The Decision Making Process
A decision making process is a phased approach, or Step-By-Step Decision method of making a decision. There are many Decision Making Models that can be applied to test the decision making steps along the way, but most decision making processes involve a set number of steps and many .
Decision Making Approach
The most simple of decision approaches may have only three steps, and these will be very high level or generic, such as define problem, gather data, list alternatives.
More sophisticated Decision Frameworks will include more decision making process steps, and the most sophisticated will include how-to-guides for setting up the parameters, decision factors , or boundaries of the area in which the decision is to be made, describe Decision Making Models and Decision Making Tools to be used to analyze the data and choices, and loop back procedures to test to alternatives.
We often think that we use the best decision making method every time. It turns out that even great decision makers often use different Decision Making Models to make actual decisions than they think they do.
Since we may base the criteria for decision making on our most recently used theory, rather than our planned or intended theory, we are not consistent with what we think we should be doing. Each time you make a decision, you might weigh the criteria’s importance differently, which makes for ineffective decision making or decision making mistakes . This also complicates learning from our decisions, as the basis for judging the outcomes changes each time.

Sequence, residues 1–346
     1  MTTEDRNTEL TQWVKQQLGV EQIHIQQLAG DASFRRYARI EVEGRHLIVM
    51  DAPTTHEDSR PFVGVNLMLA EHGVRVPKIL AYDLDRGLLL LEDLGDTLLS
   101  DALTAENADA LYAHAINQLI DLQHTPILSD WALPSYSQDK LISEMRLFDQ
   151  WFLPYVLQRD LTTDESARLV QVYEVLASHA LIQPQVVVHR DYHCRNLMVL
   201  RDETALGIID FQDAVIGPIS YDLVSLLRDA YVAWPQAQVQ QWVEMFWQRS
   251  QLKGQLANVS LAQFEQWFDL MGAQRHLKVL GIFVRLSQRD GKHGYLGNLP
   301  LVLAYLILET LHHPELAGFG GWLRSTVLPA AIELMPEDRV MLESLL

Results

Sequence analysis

Many of us think that we make rational decisions, and are able to block out physical, emotional, psychological and spiritual influences. Unfortunately, this isn’t the case – we weigh different attributes of the problem depending on their relative importance at the moment.
The issue is that there are many Decision Pitfalls that we can experience when making decisions, so we have developed techniques and a Decision Making Process to help enhance our ability to make decisions. We have created Decision Making Tools , templates and guides to enhance what we do well, which is to connect concepts we know, to new ideas.
This adds the abilities that we lack in, such as computing accuracy and speed, templates and short cuts, as well as systematic decision making approaches.
They are based on the values and perceptions of the decision maker and include carefully considered alternatives (such as alternate choices ) and options along with periodic validation of the decision and its effects.
Wise Decisions may or may not follow external influences and expectations. Sound decisions are right for you, based on what you know at a given point in time about your options as well as yourself.
What we have observed, is that Good Decision making is not an accident. It is a repeatable process. Good decision makers take a systematic approach to their decision making. They know or understand what situation they need to resolve and why they need to resolve it. They eliminate distractions, anxiety, subjectivity, and individual bias from the process.
They generally create multiple potential solution options from which to choose. They make their choices based upon relevant facts and information, not on partial or conflicting data.